If you run or work for an EU-based company, GDPR directly applies to your business, and you must follow it. Even if your company is not based in the EU, GDPR may affect your company. If you process personal data related to individuals based in the EU, GDPR is also applicable to your company.

What do you have to do?

With a GDPR expert, perform a GDPR audit of your organization, internal IT systems, products, and websites. You must have your entire organization onboard for this work. The audit should result in an action plan with the steps needed to be GDPR-compliant because all departments are affected by GDPR. You should have procedures in place so that everyone knows how their work is affected, the GDPR procedures, and how breaches are handled.

See Optimizely Privacy Policy.

If you work for a company that processes large amounts of PII data, you must have a dedicated Data Protection Officer (DPO). You should also have an Information Security Officer.

If the data protection authorities want to perform an audit at your company, you must be able to show them your GDPR guidelines, which should include the following information:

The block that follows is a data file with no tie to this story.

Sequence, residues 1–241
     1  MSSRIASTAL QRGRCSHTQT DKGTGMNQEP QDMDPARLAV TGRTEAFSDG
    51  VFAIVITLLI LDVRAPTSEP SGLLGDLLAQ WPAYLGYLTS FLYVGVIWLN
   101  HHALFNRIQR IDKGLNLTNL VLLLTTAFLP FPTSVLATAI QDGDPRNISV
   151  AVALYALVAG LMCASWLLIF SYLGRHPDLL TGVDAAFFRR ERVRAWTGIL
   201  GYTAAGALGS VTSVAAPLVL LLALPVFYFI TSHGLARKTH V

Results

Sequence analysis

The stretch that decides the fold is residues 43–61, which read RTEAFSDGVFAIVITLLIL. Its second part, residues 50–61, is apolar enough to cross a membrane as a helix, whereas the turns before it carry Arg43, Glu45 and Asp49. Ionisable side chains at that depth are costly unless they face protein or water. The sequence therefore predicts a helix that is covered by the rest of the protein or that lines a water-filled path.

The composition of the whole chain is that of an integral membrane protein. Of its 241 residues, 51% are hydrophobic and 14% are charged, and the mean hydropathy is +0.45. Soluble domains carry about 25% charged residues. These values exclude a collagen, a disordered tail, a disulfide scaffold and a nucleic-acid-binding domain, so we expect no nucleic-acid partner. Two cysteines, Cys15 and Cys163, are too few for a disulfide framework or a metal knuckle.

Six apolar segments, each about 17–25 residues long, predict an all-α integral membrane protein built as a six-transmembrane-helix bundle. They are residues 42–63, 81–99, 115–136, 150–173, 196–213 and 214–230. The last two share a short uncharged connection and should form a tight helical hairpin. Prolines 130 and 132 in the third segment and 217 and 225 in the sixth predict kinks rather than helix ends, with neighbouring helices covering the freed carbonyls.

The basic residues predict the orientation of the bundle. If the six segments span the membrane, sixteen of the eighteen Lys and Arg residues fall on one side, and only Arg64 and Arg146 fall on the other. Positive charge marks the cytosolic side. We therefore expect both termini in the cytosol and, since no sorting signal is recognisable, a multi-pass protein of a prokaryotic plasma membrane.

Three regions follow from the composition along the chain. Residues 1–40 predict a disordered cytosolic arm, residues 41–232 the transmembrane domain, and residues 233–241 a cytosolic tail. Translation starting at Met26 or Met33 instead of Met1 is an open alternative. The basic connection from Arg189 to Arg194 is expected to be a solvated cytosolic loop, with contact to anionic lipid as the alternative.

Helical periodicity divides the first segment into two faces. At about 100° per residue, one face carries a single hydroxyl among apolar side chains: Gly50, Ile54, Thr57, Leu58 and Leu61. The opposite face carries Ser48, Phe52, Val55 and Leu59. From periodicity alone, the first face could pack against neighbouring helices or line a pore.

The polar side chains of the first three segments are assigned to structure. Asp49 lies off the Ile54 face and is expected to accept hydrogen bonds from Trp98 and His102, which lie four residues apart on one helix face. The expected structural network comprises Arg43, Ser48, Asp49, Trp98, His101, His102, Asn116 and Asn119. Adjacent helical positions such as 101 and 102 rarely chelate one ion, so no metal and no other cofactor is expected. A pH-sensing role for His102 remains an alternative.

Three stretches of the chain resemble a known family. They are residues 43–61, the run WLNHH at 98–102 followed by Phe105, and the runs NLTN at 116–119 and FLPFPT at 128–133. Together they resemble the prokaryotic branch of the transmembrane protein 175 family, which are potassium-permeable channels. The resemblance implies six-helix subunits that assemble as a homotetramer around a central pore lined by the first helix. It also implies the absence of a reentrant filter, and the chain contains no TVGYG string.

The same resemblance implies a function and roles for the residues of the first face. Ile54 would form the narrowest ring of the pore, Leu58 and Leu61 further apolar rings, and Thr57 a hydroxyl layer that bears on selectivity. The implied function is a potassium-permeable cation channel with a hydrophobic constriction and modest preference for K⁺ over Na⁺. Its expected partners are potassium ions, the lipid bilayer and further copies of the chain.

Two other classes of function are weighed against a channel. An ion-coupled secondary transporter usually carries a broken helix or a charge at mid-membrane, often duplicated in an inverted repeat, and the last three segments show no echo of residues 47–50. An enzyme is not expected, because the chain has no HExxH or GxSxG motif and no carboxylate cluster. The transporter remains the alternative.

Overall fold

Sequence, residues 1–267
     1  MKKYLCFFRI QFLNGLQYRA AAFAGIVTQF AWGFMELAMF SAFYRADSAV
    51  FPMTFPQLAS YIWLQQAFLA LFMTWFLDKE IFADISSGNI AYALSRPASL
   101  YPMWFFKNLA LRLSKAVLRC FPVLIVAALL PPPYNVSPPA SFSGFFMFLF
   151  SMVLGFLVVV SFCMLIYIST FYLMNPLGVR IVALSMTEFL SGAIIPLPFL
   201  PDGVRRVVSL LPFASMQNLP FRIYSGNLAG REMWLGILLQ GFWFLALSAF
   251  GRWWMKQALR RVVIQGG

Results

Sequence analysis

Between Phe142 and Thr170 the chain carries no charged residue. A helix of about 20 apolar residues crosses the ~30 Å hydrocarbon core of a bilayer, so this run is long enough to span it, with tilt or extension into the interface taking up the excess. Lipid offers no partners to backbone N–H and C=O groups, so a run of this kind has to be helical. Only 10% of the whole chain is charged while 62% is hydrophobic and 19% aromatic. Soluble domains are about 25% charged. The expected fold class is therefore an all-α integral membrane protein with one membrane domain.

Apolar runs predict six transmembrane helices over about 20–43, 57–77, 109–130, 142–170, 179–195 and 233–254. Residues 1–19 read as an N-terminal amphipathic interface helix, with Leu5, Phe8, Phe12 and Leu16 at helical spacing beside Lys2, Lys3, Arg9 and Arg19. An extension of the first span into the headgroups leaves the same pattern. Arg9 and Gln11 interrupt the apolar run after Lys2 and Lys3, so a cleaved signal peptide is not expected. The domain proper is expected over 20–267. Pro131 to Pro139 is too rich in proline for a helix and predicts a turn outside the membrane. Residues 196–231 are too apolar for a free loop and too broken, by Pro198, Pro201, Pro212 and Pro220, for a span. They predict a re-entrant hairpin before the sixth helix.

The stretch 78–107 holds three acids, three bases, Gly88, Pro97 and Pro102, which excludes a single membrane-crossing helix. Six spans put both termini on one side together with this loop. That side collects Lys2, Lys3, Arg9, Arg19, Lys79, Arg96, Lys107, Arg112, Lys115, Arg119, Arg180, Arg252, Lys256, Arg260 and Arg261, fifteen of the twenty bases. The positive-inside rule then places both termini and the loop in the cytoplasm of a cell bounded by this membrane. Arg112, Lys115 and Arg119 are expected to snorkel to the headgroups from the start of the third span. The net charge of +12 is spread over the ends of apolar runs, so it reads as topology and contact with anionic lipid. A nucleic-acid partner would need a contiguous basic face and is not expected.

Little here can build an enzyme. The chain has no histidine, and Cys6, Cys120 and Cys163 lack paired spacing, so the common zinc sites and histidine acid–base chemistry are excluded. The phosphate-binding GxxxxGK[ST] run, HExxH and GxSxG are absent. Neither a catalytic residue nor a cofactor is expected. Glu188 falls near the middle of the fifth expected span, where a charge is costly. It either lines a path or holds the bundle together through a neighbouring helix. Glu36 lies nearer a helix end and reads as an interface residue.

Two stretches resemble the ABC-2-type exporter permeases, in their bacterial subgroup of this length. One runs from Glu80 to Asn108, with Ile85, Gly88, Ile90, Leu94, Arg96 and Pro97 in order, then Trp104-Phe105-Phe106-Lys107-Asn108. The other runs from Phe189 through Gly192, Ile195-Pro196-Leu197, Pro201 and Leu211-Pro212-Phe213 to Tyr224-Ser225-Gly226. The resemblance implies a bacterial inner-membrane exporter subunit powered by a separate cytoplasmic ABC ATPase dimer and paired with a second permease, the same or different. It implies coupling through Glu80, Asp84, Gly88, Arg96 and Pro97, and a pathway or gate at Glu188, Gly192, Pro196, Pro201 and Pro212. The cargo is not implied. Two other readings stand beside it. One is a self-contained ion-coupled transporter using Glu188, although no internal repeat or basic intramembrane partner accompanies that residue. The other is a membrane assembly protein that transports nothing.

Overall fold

• What type of data is collected? Is it PII data?
  • Who is collecting and using it?
  • Where is the data collected, used, stored, and transmitted?
  • How long is the data collected, used, stored, and transmitted?
  • When is the data collected, used, stored, and transmitted?
  • How is the data collected, used, stored, and transmitted?
  • Why is the data collected, used, stored, and transmitted?
  • And how do you handle requests from data subjects that want to view, update, or delete their PII data?



GDPR compliance is not something you set up once and then it is all set for the future. GDPR compliance is something that you need to keep in mind and work with every day in the future. You need to fine-tune and update procedures, align and adhere tp the procedures, and train employees, partners, and suppliers.

What should you have in place?

  • Privacy policy
  • Data protection officer (at least if you process a large amount of PII data)
  • Consent notification process and template
  • Process for accessing PII data, also known as Subject Access Request (SAR) procedure
  • Process for updating PII data
  • Process for porting PII data
  • Process for deleting PII data
  • Process for cooperating with third-party companies, partners, and vendors around GDPR issues
  • Data breach policy

For more product-specific guidelines, see Product-specific guidelines.